When Looking Through a Microscope Isn’t Close Enough.<p>For the last few years, <a href="http://www.rokaslab.org/" target="_blank">our team at Vanderbilt University</a>, <a href="https://www.researchgate.net/lab/Gustavo-Goldman-Lab" target="_blank">Gustavo Goldman's team at São Paulo University in Brazil</a> and many other collaborators around the world have been collecting samples of fungi from patients infected with different species of <em>Aspergillus</em> molds. One of the species we are particularly interested in is <a href="https://doi.org/10.1006/rwgn.2001.0082" target="_blank"><em>Aspergillus nidulans</em>, a relatively common and generally harmless fungus</a>. Clinical laboratories typically identify the species of <em>Aspergillus</em> causing the infection by examining cultures of the fungi under the microscope. The problem with this approach is that very closely related species of <em>Aspergillus</em> tend to look very similar in their broad morphology or physical appearance when viewing them through a microscope.</p><p>Interested in examining the varying abilities of different <em>A. nidulans</em> strains to cause disease, we decided to analyze their total genetic content, or genomes. What we saw came as a total surprise. We had not collected <em>A. nidulans</em> but <em>Aspergillus latus</em>, a close relative of <em>A. nidulans</em> and, as we were to soon find out, <a href="https://doi.org/10.1016/j.cub.2020.04.071" target="_blank">a hybrid species that evolved through the fusion of the genomes</a> of two other <em>Aspergillus</em> species: <em>Aspergillus spinulosporus</em> and an unknown close relative of <em>Aspergillus quadrilineatus</em>. Thus, we realized not only that these patients harbored infections from an entirely different species than we thought they were, but also that this species was the first ever <em>Aspergillus</em> hybrid known to cause human infections.</p>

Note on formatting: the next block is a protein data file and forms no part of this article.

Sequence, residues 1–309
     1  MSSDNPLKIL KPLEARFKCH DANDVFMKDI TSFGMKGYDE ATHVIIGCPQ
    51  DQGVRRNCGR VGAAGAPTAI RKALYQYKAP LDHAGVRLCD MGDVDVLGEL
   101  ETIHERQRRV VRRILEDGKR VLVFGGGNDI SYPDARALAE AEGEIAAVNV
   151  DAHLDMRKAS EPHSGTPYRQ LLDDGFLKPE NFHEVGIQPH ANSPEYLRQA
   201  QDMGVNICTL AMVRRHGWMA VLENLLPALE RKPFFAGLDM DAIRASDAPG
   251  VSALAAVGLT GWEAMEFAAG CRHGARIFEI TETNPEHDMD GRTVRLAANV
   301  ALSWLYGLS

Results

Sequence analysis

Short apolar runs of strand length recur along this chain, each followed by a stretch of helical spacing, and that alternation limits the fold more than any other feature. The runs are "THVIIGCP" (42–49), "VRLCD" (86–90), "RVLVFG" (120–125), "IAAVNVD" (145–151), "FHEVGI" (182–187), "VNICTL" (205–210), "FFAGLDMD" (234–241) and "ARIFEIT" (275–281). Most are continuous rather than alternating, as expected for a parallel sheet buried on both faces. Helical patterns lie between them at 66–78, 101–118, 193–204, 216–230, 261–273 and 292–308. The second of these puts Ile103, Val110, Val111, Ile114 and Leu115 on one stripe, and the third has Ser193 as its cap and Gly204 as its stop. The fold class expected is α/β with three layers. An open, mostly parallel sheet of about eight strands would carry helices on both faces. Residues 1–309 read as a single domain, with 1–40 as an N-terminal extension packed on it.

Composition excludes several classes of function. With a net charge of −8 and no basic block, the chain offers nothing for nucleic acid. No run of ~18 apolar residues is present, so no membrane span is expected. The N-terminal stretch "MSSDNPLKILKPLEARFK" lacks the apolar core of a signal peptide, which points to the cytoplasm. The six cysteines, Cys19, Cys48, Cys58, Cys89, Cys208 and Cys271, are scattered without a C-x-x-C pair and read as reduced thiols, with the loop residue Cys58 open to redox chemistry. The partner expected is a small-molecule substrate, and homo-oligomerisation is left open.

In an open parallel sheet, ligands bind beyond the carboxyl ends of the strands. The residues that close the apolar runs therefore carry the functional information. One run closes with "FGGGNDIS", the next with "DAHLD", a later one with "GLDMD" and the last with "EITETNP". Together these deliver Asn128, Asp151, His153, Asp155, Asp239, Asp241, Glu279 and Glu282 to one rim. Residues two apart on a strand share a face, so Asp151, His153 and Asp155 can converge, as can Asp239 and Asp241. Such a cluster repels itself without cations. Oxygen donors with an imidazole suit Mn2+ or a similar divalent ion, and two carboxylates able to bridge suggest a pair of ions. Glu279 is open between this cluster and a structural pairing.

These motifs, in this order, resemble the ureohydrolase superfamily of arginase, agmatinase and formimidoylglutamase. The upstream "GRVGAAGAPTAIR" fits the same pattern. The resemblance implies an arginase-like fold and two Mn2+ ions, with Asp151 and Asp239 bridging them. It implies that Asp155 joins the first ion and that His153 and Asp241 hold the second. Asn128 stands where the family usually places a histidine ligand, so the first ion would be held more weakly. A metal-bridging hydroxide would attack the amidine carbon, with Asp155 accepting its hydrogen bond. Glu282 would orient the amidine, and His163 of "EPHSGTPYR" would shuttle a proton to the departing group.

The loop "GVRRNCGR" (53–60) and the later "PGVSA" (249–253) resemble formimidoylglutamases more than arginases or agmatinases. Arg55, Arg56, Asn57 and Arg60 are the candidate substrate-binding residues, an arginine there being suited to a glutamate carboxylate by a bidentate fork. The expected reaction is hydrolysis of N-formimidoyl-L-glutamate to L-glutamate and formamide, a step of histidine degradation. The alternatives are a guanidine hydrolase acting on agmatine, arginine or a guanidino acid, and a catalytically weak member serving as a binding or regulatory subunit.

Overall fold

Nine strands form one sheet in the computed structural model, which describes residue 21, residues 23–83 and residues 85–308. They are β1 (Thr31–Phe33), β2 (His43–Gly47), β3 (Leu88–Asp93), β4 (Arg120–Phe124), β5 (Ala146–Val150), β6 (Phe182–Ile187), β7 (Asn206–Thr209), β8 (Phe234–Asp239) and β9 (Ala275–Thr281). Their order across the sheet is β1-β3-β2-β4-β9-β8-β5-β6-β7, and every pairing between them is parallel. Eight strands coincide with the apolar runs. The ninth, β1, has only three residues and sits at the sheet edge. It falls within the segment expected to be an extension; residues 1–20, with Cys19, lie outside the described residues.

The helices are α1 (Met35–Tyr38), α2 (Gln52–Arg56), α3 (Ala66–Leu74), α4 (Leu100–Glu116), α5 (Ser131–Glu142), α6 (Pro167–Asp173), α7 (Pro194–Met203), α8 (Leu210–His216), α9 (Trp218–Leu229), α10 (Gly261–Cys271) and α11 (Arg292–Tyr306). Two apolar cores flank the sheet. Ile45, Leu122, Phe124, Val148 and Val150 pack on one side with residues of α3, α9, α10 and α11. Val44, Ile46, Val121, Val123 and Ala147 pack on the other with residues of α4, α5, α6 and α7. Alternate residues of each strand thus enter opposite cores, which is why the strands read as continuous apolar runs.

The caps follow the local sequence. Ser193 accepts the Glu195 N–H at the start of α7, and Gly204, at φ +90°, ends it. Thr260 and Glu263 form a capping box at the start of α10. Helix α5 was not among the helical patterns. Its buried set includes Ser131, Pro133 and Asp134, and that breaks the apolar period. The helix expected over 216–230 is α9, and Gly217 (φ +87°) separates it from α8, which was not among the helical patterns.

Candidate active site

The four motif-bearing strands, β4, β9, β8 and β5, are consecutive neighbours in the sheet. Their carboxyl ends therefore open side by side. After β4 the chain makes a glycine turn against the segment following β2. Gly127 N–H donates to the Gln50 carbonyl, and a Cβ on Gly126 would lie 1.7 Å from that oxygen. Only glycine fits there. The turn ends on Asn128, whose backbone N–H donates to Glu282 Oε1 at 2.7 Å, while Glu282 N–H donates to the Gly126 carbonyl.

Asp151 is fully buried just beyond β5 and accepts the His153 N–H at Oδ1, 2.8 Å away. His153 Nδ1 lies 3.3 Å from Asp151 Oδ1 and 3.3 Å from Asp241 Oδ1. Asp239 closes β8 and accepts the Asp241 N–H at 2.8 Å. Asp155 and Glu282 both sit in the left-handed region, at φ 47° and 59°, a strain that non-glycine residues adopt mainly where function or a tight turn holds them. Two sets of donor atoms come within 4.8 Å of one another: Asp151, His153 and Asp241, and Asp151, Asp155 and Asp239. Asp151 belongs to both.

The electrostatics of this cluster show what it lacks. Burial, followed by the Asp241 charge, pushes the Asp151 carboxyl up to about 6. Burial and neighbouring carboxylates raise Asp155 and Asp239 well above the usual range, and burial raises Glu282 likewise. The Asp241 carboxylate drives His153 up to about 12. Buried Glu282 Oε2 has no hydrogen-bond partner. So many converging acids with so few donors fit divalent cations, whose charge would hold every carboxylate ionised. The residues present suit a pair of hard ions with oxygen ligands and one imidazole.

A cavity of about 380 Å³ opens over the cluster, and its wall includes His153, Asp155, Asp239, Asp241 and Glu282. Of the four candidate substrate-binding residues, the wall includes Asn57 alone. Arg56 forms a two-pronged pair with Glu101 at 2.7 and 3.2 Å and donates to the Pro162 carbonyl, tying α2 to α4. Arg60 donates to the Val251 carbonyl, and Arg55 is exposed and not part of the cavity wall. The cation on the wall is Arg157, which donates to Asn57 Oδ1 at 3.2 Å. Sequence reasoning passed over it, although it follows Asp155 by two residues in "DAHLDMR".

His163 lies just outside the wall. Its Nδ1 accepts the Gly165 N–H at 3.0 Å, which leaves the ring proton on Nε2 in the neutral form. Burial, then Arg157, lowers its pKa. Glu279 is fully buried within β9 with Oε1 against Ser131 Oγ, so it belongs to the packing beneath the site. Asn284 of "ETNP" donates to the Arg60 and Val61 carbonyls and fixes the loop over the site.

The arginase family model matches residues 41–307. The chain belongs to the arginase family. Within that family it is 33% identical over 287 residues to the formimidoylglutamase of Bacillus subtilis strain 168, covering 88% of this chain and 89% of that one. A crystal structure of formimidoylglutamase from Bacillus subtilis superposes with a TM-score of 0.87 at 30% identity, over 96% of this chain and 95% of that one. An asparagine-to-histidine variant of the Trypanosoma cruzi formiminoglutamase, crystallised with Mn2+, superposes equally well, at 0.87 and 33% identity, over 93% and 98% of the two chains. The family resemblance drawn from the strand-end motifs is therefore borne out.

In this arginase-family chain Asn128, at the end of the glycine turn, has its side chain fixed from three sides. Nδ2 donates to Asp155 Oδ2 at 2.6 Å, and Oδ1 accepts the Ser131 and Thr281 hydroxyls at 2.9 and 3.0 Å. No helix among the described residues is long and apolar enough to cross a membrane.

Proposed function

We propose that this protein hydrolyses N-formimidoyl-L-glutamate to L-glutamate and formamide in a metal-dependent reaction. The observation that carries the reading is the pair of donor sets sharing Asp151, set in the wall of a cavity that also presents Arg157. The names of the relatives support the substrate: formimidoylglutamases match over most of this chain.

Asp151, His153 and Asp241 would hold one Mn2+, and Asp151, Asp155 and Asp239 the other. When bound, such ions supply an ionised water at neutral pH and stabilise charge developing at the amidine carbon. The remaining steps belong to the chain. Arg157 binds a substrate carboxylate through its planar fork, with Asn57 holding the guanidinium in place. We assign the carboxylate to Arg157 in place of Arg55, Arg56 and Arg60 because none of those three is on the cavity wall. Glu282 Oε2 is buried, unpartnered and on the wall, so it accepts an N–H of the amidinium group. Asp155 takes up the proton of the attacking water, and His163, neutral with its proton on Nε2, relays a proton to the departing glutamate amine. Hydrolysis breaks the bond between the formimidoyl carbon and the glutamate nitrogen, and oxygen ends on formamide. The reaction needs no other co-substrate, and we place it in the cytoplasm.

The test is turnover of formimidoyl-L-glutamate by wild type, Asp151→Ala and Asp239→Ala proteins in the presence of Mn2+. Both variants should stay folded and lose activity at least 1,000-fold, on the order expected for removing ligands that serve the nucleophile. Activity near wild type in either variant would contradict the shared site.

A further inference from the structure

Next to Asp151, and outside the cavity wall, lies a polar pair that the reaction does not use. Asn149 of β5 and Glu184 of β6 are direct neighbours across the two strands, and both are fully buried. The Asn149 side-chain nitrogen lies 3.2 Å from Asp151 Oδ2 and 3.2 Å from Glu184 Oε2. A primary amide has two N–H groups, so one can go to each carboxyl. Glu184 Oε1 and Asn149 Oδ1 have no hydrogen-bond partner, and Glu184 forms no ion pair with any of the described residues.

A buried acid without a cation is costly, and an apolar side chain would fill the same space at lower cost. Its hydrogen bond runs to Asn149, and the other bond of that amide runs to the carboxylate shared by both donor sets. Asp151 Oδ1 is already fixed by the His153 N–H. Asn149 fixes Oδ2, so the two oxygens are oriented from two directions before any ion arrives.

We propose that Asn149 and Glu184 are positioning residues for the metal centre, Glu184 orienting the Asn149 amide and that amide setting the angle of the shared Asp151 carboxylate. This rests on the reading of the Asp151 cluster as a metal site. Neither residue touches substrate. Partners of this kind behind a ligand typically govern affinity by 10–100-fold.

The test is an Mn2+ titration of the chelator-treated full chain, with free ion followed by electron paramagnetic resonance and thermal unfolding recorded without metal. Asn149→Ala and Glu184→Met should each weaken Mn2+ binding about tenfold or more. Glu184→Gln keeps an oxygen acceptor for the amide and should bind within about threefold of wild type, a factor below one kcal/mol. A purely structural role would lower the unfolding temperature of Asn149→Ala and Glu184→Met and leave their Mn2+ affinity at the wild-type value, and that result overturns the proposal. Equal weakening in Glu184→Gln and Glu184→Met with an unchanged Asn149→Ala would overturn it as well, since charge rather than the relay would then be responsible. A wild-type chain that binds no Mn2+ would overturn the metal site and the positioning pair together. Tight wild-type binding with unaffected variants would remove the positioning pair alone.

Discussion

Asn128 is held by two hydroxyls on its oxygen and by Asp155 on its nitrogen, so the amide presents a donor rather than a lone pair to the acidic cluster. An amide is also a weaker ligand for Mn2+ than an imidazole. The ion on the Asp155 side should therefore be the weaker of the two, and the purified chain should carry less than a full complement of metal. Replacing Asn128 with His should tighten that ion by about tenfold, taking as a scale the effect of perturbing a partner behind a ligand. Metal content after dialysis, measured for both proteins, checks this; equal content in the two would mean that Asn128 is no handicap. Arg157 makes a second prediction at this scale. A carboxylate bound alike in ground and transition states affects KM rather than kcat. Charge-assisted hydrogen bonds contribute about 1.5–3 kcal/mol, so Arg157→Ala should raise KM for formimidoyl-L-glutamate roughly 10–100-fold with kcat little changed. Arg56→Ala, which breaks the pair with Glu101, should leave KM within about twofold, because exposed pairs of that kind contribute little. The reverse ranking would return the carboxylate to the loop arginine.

Several Different Fungal Hybrids Cause Human Disease.<p>Hybrid fungi that can cause infections in humans are well known to occur in several different lineages of single-celled fungi known as yeasts. Notable examples include multiple different species of <a href="https://doi.org/10.1002/yea.3242" target="_blank">yeast hybrids</a> that cause the human diseases <a href="https://rarediseases.info.nih.gov/diseases/6218/cryptococcosis" target="_blank">cryptococcosis</a> and <a href="https://www.cdc.gov/fungal/diseases/candidiasis/index.html" target="_blank">candidiasis</a>. Although pathogenic yeast hybrids are well known, our discovery that the <em>A. latus</em> pathogen is a hybrid is a first for molds that cause disease in humans.</p>
(Left) Candida yeasts live on parts of the human body. Imbalance of microbes on the body can allow these yeasts, some of which are hybrids, to grow and cause infection. (Right) Cryptococcus yeasts, including ones that are hybrids, can cause life-threatening infections in primarily immunocompromised people. Centers for Disease Control and Prevention<p><a href="https://doi.org/10.1371/journal.ppat.1008315" target="_blank">Why certain <em>Aspergillus</em> species are so deadly</a> while others are harmless remains unknown. This may in part be because <a href="https://doi.org/10.1016/j.fbr.2007.02.007" target="_blank">combinations of traits, rather than individual traits</a>, underlie organisms' ability to cause disease. So why then are hybrids frequently associated with human disease? Hybrids inherit genetic material from both parents, which may result in new combinations of traits. This may make them more similar to one parent in some of their characteristics, reflect both parents in others or may differ from both in the rest. It is precisely this mix and match of traits that hybrids have inherited from their parental species that <a href="https://www.nytimes.com/2010/09/14/science/14creatures.html" target="_blank">facilitates their evolutionary success</a>, including their ability to cause disease.</p>